OR GA NIZ AT ION / ©1999 BoardSource / www.boardsource.org

STAR TIN G A N ONP RO FIT

23

BO ARD SO URC E E-B OO K S E RIE S

Sample Job Descriptions for Board Officers
PRESIDENT /C HAIR OF THE BOARD
• Oversee board and executive committee meetings • Serve as ex officio member of all committees • Work in partnership with the chief executive to make sure board resolutions are carried out • Call special meetings if necessary • Appoint all committee chairs and with the chief executive, recommend who will serve on committees • Assist the chief executive in preparing the agenda for board meetings • Assist the chief executive in conducting new board member orientation • Oversee searches for a new chief executive • Coordinate the chief executive’s annual performance evaluation • Work with the nominating committee to recruit new board members • Coordinate periodic board assessment with the chief executive • Periodically consult with board members on their roles and help them assess their performance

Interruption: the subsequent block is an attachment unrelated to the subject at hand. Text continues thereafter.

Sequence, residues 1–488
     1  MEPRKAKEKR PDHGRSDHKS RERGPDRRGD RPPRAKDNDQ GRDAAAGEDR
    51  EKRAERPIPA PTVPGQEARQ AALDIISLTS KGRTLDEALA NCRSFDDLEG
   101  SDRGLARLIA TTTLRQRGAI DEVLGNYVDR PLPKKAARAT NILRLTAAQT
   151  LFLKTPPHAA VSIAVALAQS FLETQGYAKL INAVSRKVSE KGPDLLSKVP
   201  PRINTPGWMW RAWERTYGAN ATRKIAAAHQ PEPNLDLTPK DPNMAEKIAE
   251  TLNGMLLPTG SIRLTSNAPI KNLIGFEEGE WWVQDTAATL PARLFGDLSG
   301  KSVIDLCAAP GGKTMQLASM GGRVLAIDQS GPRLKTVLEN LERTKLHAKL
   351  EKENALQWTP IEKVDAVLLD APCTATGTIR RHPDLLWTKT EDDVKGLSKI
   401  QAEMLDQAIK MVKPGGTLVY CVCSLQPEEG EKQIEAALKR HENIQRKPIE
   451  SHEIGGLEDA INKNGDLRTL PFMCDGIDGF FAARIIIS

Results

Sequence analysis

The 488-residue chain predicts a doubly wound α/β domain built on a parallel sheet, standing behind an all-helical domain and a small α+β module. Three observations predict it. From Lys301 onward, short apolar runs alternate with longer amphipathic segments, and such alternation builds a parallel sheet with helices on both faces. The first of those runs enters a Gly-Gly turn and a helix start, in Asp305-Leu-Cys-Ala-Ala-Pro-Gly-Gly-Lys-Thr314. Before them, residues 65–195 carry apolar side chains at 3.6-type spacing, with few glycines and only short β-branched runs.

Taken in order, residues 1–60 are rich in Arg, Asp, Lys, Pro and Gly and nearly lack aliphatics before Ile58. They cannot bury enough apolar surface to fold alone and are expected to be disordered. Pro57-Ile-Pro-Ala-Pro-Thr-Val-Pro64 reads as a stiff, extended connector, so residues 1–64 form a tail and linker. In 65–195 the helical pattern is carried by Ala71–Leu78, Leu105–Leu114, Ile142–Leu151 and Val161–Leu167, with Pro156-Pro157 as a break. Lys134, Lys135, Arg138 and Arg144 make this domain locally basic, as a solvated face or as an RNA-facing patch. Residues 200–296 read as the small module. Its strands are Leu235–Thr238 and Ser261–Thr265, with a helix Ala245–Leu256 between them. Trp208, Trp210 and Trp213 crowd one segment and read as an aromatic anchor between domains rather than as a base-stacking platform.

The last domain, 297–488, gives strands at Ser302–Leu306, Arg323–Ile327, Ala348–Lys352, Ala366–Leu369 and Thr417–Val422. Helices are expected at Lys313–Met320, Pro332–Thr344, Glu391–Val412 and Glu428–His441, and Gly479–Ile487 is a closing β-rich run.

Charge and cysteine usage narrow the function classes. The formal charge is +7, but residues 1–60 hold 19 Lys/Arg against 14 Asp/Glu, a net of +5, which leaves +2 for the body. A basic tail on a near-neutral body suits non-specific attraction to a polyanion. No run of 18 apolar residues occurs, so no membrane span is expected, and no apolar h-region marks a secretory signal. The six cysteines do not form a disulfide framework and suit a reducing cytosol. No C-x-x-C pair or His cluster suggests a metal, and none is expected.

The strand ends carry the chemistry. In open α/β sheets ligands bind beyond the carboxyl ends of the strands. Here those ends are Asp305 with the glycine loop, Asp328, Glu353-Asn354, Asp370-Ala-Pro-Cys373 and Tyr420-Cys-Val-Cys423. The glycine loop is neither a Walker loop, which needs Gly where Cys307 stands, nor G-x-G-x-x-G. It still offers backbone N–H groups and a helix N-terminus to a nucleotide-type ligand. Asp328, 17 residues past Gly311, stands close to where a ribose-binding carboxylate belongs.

VICE PRESIDENT OF THE
• Attend all board meetings • Serve on the executive committee

BOARD

• Carry out special assignments as requested by the board president • Understand the responsibilities of the board president and be able to perform these duties in the president’ s absence • Participate as a vital part of the board leadership

STAR TIN G A N ONP RO FIT

OR GA NIZ AT ION / ©1999 BoardSource / www.boardsource.org

24

BO ARD SO URC E E-B OO K S E RIE S

S ECRETARY OF THE
• Attend all board meetings

BOARD

• Serve on the executive committee • Maintain all board records and ensure their accuracy and safety • Review board minutes • Assume responsibilities of the president in the absence of the board president, presidentelect, and vice president • Provide notice of board meetings and committee meetings when such notice is required

TREASURER OF THE

BOARD